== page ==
Spotlights & Spirits – A retrospective on Joan Crawford

Lucille Fay LeSueur started as a dancer for a variety of travelling shows, elevating her way to chorus girl, and would go by LeSueur until her time with MGM, where Joan Crawford would emerge as a prominent force on the Hollywood scene. One of the ‘symbols’ of the studio gals, with the likes of Judy Garland or Claudette Colbert, Crawford would make her first ‘debut’ in ‘Lady of The Night’ (1925) as a body double, her breakout alongside Horror legend Lon Chaney in the 1927 horror film ‘The Unknown’ and her film final appearance in a British sci-fi film entitled ‘Trog’ (1970), a bizarre climax to a turbulent career.  Continue reading Spotlights & Spirits – A retrospective on Joan Crawford

The Illustrious Life and Mysterious Death of Olive Thomas

Olive Thomas died at twenty-five years of age, thanks to the accidental ingestion of mercury bichloride. She had acted in approximately twenty films over four years, but sadly, her career ended as quickly as it had begun. While Thomas’ death essentially created the first Hollywood scandal ever, I feel that she should be remembered for her expressiveness and liveliness that she brought to her acting.

Olive Thomas won the “Most Beautiful Girl in New York City” contest in 1914, launching her modelling career. She joined the Ziegfeld Follies shortly thereafter and remained with the Follies until 1916. That year, she signed with the International Film Company, and her acting debut was in an episode of “Beatrice Fairfax,” called “Playball.” Continue reading The Illustrious Life and Mysterious Death of Olive Thomas

Women’s History Month: Greta Garbo

Greta Garbo started her career in Swedish cinema (her first notable role being the 1924 film “The Saga of Gösta Berling”), which brought her to the attention of the Metro-Goldwyn-Mayer (MGM) studio, leading her to her first Hollywood role in “Torrent” (1926). From here on followed a suite of successful silent films and Garbo’s conquest of international acclaim began.   Continue reading Women’s History Month: Greta Garbo

Black History Month Tribute: Lena Horne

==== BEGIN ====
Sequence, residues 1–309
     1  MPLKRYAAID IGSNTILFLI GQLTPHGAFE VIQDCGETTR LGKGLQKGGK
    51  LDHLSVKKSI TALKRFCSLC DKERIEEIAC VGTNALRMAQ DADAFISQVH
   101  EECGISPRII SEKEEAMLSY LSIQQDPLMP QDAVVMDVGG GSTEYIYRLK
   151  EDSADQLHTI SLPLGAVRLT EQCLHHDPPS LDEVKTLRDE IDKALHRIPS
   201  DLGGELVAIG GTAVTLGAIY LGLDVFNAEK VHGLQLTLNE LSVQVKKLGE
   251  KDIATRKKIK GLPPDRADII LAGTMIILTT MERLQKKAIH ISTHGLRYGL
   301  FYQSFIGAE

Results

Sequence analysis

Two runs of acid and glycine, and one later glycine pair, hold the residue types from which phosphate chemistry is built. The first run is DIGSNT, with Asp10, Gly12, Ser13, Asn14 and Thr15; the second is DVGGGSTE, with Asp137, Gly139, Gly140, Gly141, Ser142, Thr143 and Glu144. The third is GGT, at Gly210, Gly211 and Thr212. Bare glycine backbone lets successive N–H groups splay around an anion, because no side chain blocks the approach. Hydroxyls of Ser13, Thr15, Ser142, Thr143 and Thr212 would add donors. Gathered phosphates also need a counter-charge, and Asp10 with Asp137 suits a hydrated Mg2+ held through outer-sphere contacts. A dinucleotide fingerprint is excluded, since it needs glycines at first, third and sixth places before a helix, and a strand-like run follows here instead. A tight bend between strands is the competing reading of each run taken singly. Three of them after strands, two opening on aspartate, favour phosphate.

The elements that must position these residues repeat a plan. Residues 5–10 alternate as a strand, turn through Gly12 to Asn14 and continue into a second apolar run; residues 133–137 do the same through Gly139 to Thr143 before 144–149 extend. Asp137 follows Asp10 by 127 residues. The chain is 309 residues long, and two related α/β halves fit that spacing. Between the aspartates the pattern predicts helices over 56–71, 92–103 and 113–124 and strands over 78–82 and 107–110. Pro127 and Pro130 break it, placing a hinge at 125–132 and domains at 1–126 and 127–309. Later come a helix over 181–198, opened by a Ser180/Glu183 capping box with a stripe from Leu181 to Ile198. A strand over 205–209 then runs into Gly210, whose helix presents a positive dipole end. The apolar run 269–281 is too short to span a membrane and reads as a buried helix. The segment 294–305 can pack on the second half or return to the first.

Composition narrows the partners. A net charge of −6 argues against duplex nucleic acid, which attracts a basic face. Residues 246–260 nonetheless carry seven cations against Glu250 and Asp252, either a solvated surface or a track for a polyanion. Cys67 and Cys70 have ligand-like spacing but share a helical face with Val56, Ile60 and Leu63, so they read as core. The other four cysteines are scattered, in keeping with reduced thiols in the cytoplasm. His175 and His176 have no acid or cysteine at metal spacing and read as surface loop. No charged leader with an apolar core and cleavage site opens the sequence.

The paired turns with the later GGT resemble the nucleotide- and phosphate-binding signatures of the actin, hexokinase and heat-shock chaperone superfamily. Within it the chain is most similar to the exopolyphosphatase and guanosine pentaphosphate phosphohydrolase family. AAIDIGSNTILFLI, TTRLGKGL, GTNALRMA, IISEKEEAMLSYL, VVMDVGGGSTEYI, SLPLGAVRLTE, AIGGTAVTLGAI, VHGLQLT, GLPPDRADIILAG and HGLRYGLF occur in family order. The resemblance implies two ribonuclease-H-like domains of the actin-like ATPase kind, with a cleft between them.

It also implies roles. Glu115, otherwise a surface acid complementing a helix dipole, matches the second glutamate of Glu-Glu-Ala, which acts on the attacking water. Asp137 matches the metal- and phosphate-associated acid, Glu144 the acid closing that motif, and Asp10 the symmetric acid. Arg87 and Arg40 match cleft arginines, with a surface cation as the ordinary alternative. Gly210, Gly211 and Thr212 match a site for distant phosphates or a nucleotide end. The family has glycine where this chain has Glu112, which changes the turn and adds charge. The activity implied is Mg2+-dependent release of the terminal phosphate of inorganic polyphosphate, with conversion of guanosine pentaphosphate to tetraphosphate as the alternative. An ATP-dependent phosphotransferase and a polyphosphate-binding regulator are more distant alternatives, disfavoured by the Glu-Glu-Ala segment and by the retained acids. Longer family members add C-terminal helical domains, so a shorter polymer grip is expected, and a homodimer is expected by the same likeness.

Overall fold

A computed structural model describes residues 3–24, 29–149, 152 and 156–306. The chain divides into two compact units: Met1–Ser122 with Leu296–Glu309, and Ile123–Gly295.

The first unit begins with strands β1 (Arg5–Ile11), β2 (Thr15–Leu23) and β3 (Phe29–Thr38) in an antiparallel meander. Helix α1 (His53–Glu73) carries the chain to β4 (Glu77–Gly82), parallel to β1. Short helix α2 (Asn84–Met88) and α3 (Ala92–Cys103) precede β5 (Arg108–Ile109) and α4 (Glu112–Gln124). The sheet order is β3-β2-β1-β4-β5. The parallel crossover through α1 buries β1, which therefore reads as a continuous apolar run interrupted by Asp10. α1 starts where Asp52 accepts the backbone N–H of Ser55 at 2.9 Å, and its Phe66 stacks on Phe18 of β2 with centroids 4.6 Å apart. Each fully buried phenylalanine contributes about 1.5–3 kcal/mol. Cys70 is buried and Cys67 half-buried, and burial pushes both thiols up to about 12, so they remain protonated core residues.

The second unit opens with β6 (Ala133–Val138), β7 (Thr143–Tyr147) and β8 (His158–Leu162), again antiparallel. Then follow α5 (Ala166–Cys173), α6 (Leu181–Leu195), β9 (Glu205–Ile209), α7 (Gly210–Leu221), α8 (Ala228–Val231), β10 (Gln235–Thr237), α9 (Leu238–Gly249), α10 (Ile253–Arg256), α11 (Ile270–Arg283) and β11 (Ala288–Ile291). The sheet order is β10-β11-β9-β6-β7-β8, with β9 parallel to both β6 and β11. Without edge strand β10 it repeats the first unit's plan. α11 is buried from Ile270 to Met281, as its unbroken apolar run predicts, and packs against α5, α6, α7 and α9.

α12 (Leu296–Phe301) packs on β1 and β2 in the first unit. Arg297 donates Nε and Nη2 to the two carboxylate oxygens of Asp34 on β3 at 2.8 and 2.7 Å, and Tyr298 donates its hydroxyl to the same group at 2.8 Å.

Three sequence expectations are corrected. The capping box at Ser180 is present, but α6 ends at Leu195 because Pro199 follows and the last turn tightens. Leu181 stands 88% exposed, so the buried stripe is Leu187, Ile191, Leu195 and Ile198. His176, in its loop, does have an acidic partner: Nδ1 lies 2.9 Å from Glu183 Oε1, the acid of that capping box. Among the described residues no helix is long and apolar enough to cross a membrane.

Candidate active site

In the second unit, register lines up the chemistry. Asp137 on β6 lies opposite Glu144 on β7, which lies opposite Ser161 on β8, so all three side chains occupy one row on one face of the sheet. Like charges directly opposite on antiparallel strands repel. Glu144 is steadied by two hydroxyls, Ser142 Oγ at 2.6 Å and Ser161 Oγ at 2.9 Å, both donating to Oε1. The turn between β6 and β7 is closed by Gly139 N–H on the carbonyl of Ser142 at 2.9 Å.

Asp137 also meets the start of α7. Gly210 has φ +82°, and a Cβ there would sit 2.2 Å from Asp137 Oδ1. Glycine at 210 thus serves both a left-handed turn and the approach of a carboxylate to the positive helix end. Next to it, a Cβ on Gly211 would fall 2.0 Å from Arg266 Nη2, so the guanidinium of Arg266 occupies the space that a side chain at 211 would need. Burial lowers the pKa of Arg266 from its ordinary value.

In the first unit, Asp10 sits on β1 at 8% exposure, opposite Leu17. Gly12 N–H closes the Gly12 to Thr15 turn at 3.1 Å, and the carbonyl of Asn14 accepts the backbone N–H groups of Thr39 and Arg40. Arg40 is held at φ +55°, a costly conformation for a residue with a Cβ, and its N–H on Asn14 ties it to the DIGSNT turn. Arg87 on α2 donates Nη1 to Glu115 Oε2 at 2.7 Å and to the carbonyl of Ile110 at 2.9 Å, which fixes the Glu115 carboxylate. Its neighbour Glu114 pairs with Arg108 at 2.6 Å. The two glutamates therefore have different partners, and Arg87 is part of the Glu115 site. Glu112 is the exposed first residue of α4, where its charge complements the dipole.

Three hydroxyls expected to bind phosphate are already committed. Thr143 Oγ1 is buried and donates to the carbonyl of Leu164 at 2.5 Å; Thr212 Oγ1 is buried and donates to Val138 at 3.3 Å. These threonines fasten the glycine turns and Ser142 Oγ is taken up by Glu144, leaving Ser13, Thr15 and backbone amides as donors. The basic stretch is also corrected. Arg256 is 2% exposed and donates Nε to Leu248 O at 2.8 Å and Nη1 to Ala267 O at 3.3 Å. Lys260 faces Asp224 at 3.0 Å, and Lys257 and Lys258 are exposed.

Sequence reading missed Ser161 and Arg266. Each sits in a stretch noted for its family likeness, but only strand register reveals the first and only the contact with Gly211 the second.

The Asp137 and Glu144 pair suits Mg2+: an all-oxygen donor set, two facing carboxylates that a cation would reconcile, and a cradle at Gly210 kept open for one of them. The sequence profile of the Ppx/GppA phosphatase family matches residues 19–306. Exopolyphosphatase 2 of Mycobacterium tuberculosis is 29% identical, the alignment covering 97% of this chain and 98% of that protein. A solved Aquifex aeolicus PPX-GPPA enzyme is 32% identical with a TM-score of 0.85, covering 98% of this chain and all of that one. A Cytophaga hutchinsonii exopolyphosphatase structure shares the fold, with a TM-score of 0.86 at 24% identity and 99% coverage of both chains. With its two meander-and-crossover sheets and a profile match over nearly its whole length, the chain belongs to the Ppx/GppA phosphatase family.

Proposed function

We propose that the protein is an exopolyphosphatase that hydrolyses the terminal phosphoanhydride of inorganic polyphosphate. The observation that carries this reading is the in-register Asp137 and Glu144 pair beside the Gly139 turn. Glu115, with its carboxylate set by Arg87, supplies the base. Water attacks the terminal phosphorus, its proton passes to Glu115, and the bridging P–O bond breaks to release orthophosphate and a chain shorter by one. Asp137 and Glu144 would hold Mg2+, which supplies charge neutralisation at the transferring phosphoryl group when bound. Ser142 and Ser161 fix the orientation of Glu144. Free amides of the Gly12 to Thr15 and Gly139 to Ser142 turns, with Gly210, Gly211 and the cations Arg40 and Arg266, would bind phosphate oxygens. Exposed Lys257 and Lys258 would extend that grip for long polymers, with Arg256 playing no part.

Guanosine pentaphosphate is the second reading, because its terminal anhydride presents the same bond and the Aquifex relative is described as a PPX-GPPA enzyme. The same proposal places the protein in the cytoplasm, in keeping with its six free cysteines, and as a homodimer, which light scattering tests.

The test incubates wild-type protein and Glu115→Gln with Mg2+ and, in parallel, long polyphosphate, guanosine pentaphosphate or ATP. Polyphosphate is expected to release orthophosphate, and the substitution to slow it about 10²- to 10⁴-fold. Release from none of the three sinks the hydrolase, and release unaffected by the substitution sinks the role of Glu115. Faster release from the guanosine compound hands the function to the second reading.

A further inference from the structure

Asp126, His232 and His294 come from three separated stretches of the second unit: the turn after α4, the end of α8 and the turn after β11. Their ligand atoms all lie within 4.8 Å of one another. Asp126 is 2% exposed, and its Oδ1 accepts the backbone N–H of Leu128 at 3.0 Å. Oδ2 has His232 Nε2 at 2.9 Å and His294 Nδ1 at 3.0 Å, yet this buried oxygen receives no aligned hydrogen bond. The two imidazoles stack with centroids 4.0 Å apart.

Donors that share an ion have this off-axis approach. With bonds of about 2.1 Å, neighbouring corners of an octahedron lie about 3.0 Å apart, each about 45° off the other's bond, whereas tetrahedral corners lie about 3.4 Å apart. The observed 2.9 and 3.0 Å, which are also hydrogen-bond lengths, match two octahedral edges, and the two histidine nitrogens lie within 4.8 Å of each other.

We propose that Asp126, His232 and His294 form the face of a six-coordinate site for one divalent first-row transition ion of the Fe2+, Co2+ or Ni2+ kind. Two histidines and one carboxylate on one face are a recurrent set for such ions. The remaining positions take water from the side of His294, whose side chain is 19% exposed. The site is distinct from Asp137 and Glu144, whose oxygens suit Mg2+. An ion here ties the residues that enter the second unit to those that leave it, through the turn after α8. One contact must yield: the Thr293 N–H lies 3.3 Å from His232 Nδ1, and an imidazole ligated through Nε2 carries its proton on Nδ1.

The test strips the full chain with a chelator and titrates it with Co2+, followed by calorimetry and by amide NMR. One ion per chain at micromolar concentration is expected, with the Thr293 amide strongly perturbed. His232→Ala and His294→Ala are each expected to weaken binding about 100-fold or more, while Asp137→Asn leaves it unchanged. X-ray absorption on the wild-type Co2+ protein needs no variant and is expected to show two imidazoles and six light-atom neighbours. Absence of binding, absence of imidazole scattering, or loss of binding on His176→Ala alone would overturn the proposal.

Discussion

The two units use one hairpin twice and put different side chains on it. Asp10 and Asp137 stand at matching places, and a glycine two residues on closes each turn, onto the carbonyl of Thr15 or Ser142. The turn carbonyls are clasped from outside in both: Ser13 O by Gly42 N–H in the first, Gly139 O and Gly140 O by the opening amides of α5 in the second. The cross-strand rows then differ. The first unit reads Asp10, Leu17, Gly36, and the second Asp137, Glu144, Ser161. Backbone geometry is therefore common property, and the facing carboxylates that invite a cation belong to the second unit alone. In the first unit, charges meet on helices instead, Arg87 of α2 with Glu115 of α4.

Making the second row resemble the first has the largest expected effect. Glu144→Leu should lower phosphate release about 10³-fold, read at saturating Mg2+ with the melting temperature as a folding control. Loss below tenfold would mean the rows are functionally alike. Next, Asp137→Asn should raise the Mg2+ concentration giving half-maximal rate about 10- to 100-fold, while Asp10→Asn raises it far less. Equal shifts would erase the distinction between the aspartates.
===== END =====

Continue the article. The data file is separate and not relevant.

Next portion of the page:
In her life, she witnessed the Jazz Age, two World Wars and the Civil Rights Movement to which she devoted so much of her formidable energy. Lena Horne was fierce in her self-respect when it was not socially recognized that people of colour should receive any at all. Ahead of her time, she lived her life on her terms even when it could prove dangerous to do so.

Born into a performing family, Lena was raised mostly by her grandparents until she dropped out of high school to be a dancer at the Cotton Club, the famous jazz night club in Harlem, New York.  From there she just kept working on her career, eventually touring with various big bands around the country. This was not as glamorous as it sounds since African Americans were denied access to most restaurants and hotels in the 1930’s.  Lena would see first-hand the hardships endured on the road by her fellow musicians due to prejudice and segregation. Continue reading Black History Month Tribute: Lena Horne

Retrospective Review: White Christmas (1954)

It was 1941 and American soldiers were away from home only weeks after Pearl Harbor. On Christmas Day they heard a song written by a Russian Jewish immigrant that spoke of all their longing for home and the comforts of the holiday sung by Bing Crosby on the radio. Seventy-eight years later, “White Christmas’ by Irving Berlin has lost none of its poignancy and the film that shares its title is just as cherished. “White Christmas” is a remarkable film, especially for the two fantastic leading ladies it is lucky to claim. Continue reading Retrospective Review: White Christmas (1954)

The Uninvited: Sophisticated Scares Set to Music

The year 1944 saw an intriguing film take a serious look at the supernatural. This was “The Uninvited”, a scary yet surprisingly sophisticated ghost story that even serenaded its heroine with her own song. Rarely since has a film been as subtle yet effective in delivering chills and foreboding atmosphere while staying faithful to its source material. Originally a book written in 1941 by Dorothy McCardle, “The Uninvited” has become popular among famous directors and lovers of the genre. Continue reading The Uninvited: Sophisticated Scares Set to Music

In Their Own League Hall of Fame: Nell Shipman

By Bianca Garner There’s a high chance that you haven’t heard of Nell Shipman. Like many pioneering female filmmakers of the silent cinema era, her name has become lost in time. So many of us who study film are aware of the ‘great’ film directors of this era: Cecil B. DeMille, Josef von Sternberg, Charlie Chaplin, Buster Keaton, and Erich von Stroheim. However, the achievements … Continue reading In Their Own League Hall of Fame: Nell Shipman

In Their Own League Hall of Fame: Dorothy Arzner

There are many great female directors who have broken barriers in the industry and paved the way for future generations. One of those women (who is often forgotten outside of academia) was Dorothy Arzner. She is the most prolific female director to date, was the first woman to direct a film with sound, and was the first female member of the Directors Guild of America. Continue reading In Their Own League Hall of Fame: Dorothy Arzner

Anna May Wong: The First Asian American Icon

Now if I asked most people, which actor was the trailblazer for Asian people on the worldwide stage (and I guess I mean Hollywood), I would wager most would come up with Bruce Lee. A few might even offer up Nancy Kwan. What if I told you that the breakthrough was not made in the 1970s by Lee, nor in the 1960s by Kwan, but … Continue reading Anna May Wong: The First Asian American Icon